One of the largest wildfires in Louisiana history continues to burn through land and threaten rural communities, which are used to flooding and hurricanes this time of year rather than drought and blazes.
Louisiana has had an unprecedented wildfire season as dry conditions and extreme heat persist. The rapid spread of fires has been made worse by pine plantation forests, blown down by recent hurricanes, fueling the blazes. This month alone, there have been about 600 wildfires across the state, and officials say there will likely be more in the weeks ahead.
"This is not done. We expect a dry September. So we got to be prepared for this and all work together until the rain comes ... and then we can get back to life," Mike Strain, the commissioner for Louisiana’s Department of Agriculture and Forestry, said during a news conference Tuesday.
The state’s largest active blaze, the Tiger Island Fire in southwestern Louisiana, doubled in size over the weekend, growing to 33,000 acres — accounting for more acres of burned land than the state usually has in an entire year. As of Tuesday morning, the fire was 50% contained.
The wildfire forced the entire town of Merryville — a rural area just five miles (eight kilometers) east of the Texas border, with a population of 1,200 people — to evacuate. No injuries or deaths have been reported, but at least 20 structures, including barns and homes, have been damaged or destroyed.
More than a thousand fire personnel, some sent from Alabama, Florida, Oklahoma and Texas, fought wildfires across the state Tuesday, which also marked 18 years since Hurricane Katrina and two years since Hurricane Ida made landfall in the state.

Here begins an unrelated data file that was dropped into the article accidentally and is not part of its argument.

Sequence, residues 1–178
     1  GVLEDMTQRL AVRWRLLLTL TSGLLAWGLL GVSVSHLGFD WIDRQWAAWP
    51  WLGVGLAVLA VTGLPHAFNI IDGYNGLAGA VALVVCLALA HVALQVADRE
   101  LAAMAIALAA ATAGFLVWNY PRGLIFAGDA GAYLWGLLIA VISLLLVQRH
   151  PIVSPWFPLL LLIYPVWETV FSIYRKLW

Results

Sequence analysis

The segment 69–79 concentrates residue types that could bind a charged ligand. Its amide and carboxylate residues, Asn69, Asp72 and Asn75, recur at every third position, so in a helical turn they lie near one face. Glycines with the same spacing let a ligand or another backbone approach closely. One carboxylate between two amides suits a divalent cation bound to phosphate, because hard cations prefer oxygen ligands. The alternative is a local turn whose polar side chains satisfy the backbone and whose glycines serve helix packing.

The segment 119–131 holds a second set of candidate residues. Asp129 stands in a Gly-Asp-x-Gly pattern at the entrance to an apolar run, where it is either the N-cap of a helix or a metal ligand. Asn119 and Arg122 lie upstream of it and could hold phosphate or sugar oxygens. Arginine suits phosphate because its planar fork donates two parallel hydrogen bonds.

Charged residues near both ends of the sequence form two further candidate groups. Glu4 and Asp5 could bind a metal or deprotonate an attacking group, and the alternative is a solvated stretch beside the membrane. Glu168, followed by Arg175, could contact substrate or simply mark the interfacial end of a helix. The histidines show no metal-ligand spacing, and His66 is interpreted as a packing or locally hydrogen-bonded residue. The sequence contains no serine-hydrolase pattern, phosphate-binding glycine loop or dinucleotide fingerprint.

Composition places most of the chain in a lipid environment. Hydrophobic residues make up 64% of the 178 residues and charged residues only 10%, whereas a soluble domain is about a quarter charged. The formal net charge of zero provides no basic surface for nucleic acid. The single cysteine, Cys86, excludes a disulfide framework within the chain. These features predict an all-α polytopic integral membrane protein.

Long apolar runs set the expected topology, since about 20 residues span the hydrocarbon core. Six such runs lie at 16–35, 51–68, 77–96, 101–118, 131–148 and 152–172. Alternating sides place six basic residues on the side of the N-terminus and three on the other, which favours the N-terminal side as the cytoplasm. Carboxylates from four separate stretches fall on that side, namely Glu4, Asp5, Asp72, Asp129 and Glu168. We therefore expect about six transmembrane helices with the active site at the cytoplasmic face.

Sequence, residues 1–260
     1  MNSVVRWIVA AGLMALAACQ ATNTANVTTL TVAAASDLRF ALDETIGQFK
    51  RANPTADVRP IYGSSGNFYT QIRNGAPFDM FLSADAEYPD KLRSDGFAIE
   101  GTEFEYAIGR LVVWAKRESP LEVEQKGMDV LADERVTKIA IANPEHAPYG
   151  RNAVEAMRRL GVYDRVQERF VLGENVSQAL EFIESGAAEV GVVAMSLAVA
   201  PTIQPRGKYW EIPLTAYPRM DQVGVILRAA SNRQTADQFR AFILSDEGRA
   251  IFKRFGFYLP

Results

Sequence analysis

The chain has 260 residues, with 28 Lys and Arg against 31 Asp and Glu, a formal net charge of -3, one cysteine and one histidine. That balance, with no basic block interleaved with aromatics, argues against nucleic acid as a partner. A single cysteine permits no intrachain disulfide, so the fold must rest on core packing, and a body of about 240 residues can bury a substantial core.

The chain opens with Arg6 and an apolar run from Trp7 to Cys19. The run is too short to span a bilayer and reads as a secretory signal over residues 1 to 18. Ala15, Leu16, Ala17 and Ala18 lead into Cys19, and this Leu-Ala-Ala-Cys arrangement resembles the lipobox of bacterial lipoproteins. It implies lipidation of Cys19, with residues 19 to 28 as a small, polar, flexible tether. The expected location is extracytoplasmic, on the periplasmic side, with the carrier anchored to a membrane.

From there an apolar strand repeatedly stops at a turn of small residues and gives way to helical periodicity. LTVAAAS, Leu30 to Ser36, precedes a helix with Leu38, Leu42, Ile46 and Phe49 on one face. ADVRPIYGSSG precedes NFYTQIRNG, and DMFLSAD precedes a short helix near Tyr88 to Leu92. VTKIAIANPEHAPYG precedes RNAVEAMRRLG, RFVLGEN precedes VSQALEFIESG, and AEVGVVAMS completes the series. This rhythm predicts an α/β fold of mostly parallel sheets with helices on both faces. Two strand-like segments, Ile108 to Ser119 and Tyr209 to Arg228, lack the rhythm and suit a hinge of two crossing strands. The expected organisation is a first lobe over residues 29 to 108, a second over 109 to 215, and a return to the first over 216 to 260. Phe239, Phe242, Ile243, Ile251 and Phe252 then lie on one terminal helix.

As firefighters extinguish or make progress on the containment of one fire, dozens of others ignite a day. Wildfires have burned an average of 8,217 acres of land in Louisiana per year over the past decade. So far this year, 60,000 acres have burned.
Officials say many blazes could have been prevented if residents adhered to a statewide burn ban that has been in effect since early August. In Beauregard Parish, the area where the Tiger Island Fire continues to rage, more than 20 citations were issued Monday for people violating the burn ban, Gov John Bel Edwards said during a news conference Tuesday.
"There simply is not an excuse to be burning anything outside right now," Edwards said.
While nearly all of Louisiana is abnormally dry for this time of year, half of the state is facing "extreme" or "exceptional" drought, according to data from the National Oceanic and Atmospheric Administration. In addition, the state has faced scorching triple-digit temperatures this summer. Earlier this month, Edwards declared a state of emergency because of extreme heat.
Edwards has pointed to climate change — driven by the burning of fossil fuels, by deforestation and by certain agricultural practices, which scientists say lead to more and prolonged bouts of extreme weather, including hotter temperatures — for conditions making the risk of wildfires unusually high.
Edwards, who surveyed damage from wildfires Tuesday, said that increased wildfires may be the "new normal" and said that the state will need to invest more time, effort, training and personnel to "more readily and adequately respond" to wildfires in the future.